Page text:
It depends on the time frame of the changes you are referring to. For more than a century after the beginning of the United States, there was virtually no middle class. A wealthy elite ran the major levers of the economy and most of government with it, while the vast majority of Americans - in excess of 90% - lived in relative poverty. When there is that disparity of wealth, there is class conflict, as evidenced by the organized labor and populist movements of the late 1800s.
Changes beginning in the 1920s to the way we paid our workers, the way work was done and the size of our industries created a mostly permanent middle class that only grew over time. This reduced class conflict, although the relationship between the middle and upper classes is still a bit contentious these days.
I assume that you are talking about the changes early in the history of the United States -- changes that went along with the very early stages of industrialization.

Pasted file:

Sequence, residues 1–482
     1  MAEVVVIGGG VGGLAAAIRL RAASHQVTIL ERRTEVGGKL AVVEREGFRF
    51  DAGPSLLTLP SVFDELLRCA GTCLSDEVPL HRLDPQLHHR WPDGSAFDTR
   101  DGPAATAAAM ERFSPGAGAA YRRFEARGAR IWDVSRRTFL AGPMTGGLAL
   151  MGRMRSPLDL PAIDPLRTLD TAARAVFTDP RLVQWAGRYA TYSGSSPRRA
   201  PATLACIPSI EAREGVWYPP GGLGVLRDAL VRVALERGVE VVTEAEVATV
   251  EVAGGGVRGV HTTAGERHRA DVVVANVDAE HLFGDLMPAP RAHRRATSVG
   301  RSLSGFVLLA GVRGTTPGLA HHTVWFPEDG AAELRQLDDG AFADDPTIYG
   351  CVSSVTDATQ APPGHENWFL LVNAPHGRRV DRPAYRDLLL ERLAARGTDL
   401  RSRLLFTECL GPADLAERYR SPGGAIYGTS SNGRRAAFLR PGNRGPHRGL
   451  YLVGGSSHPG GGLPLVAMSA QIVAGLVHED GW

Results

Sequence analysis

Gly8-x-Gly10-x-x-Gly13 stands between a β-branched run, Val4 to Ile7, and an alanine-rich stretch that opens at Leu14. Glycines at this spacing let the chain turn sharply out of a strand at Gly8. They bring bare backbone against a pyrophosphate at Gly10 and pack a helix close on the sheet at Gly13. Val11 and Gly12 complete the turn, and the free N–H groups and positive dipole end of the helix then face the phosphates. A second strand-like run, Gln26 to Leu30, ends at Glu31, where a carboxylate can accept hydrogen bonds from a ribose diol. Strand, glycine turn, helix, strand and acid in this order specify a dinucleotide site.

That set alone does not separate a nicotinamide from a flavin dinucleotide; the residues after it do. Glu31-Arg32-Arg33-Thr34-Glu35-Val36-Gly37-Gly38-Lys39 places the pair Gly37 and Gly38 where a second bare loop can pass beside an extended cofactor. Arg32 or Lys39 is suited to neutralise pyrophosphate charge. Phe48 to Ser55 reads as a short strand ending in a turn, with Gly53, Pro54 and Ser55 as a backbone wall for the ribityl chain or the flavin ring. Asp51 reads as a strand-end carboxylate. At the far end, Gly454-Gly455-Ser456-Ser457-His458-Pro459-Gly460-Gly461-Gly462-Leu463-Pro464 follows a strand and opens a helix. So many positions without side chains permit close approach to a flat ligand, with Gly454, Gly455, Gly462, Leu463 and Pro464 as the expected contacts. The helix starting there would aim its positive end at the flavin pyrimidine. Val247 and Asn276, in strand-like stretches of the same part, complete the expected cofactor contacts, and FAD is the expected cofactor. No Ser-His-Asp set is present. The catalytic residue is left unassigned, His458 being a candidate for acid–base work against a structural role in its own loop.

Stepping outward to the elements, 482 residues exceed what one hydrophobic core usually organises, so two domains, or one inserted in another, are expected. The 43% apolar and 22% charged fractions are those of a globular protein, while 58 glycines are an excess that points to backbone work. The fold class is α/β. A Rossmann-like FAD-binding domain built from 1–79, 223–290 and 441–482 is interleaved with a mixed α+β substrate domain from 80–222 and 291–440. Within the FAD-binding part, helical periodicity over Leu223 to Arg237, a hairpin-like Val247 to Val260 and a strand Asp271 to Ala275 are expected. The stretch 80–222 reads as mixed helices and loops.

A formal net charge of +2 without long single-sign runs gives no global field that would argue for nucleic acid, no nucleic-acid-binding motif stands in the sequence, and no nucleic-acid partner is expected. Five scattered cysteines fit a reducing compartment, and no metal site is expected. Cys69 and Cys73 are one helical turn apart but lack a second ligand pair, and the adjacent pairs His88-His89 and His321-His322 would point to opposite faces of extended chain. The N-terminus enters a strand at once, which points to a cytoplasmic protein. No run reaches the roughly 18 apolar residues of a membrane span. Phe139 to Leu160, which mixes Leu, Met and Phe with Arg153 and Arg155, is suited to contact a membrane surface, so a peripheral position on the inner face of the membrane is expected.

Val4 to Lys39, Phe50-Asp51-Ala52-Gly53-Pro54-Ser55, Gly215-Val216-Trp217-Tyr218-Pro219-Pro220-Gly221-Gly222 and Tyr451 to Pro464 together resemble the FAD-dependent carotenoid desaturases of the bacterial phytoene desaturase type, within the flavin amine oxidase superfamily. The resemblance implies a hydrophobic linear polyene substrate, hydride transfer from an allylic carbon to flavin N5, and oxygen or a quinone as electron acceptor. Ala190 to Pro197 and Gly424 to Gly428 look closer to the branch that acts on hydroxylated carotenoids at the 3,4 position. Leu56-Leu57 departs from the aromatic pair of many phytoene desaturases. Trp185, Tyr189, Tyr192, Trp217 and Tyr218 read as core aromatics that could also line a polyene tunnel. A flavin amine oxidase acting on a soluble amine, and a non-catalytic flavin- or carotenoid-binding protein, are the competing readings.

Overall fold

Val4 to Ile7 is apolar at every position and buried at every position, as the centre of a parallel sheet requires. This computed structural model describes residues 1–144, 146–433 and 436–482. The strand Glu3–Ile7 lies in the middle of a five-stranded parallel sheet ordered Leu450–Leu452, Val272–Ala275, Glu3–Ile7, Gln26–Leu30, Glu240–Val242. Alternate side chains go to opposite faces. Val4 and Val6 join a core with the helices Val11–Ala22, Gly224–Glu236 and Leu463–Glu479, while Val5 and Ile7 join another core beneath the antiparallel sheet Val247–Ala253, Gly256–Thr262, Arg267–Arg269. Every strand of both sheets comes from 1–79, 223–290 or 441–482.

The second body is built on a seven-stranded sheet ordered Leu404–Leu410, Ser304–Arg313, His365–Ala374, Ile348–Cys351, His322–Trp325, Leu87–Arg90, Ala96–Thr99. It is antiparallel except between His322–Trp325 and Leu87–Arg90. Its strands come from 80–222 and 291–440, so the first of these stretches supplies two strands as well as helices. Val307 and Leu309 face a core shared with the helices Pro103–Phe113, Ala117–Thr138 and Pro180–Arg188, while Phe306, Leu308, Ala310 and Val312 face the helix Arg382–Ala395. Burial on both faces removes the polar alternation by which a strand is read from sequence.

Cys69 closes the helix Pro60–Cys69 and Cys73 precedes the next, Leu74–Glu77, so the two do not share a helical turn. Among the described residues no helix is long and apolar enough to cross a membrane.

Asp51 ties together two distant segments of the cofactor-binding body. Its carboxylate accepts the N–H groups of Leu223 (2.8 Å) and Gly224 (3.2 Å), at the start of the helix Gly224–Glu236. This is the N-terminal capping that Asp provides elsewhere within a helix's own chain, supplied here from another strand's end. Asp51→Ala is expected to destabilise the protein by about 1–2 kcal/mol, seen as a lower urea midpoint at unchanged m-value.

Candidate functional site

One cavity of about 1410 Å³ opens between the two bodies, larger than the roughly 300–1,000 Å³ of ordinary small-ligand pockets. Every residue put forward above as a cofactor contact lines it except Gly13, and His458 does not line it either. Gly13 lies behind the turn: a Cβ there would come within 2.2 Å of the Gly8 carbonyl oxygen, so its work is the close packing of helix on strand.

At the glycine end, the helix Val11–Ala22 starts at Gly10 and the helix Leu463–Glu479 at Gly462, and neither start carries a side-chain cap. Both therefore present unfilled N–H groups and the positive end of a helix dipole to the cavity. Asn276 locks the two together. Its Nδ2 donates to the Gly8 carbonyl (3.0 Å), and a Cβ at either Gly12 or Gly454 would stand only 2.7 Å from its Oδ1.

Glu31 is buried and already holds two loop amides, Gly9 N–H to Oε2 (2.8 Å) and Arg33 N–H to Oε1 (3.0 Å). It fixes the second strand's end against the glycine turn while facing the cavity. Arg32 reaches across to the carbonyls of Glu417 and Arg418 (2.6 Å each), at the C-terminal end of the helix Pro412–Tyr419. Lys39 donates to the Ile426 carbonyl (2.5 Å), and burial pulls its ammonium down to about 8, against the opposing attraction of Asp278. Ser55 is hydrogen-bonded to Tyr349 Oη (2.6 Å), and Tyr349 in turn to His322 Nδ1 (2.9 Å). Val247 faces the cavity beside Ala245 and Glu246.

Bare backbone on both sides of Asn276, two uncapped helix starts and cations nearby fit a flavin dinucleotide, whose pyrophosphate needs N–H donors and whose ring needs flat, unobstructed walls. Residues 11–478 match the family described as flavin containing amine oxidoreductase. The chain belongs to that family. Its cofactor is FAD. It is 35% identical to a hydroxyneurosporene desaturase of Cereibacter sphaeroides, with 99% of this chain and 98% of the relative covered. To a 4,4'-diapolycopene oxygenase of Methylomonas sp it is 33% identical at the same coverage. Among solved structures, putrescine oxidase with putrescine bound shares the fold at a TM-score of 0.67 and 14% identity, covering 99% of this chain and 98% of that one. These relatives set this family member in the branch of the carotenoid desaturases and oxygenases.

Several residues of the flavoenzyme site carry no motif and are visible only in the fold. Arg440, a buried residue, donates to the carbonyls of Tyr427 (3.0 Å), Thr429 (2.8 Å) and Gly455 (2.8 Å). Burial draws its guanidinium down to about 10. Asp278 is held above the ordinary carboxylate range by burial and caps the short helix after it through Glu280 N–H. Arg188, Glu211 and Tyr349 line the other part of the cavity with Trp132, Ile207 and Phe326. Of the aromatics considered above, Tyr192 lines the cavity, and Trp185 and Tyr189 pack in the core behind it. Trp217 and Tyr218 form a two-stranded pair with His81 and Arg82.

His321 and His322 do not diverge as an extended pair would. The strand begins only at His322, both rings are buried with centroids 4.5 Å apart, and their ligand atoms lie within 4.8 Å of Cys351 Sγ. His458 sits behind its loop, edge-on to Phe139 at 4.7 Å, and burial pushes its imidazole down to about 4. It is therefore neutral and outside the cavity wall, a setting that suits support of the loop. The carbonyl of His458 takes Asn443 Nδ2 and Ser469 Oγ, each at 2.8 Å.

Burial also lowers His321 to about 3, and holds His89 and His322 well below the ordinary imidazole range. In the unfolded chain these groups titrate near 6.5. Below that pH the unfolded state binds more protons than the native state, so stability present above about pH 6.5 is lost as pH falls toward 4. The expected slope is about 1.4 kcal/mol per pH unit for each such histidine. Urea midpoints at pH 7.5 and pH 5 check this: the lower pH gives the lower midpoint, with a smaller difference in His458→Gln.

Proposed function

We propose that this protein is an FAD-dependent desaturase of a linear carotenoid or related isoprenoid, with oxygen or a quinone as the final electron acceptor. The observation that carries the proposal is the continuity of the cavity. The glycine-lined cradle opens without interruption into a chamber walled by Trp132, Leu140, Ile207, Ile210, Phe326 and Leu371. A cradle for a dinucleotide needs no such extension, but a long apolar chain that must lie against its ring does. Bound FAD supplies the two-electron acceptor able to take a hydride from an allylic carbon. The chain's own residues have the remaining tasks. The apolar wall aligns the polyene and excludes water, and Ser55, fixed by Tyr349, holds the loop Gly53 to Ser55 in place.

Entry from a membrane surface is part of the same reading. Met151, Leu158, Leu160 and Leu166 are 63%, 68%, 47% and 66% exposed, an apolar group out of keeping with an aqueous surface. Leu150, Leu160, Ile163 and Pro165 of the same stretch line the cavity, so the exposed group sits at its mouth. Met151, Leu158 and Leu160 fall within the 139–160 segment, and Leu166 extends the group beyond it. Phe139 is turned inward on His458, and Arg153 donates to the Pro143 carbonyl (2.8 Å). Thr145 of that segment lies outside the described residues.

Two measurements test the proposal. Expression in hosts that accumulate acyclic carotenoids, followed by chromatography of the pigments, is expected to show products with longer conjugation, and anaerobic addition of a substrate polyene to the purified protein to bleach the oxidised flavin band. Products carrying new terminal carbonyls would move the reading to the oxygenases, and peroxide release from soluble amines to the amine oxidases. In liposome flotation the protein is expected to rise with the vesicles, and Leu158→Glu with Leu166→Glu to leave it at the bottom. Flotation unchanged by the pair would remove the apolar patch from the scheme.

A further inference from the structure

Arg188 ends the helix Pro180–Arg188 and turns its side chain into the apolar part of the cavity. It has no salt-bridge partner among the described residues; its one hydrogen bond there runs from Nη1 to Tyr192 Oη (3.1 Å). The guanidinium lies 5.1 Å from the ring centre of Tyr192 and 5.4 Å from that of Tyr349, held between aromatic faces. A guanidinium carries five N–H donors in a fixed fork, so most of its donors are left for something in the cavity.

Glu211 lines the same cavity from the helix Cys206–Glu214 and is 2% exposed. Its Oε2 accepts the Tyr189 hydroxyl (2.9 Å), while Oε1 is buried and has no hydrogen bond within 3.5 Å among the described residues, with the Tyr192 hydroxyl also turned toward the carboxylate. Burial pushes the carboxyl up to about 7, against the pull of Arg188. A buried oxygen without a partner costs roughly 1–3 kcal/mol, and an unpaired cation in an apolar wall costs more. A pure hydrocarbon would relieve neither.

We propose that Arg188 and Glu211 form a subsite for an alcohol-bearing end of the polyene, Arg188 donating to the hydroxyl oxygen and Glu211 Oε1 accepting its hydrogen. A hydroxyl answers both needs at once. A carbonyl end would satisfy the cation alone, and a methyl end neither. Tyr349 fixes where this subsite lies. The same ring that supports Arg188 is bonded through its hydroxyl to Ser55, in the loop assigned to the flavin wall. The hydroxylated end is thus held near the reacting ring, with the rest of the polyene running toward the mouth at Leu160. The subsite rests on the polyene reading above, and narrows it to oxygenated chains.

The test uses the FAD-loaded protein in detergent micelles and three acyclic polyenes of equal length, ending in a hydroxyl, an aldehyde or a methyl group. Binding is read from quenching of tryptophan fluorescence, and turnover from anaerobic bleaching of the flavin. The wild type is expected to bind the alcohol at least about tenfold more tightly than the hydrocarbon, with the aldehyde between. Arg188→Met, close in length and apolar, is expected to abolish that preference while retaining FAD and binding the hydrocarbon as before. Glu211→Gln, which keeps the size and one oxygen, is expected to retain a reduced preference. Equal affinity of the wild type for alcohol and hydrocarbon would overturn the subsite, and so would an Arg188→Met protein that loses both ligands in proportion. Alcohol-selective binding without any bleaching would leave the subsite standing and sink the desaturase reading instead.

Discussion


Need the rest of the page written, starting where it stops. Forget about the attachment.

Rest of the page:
In general, historians tend to argue that this was a time during which there came to be more of a distinction between classes and more tension between the classes. Industrialization tended to create more inequality, just as the Jeffersonians had feared that it would. Instead of having a relatively homogeneous population of small farmers, the Northern US came to have a differentiated population with a large working class of people who had relatively little money.
You can argue that you start to see evidence of class tensions in things like the election and presidency of Andrew Jackson. You can argue that his Bank War is an example of how the poorer people distrusted the rich and felt resentment towards them.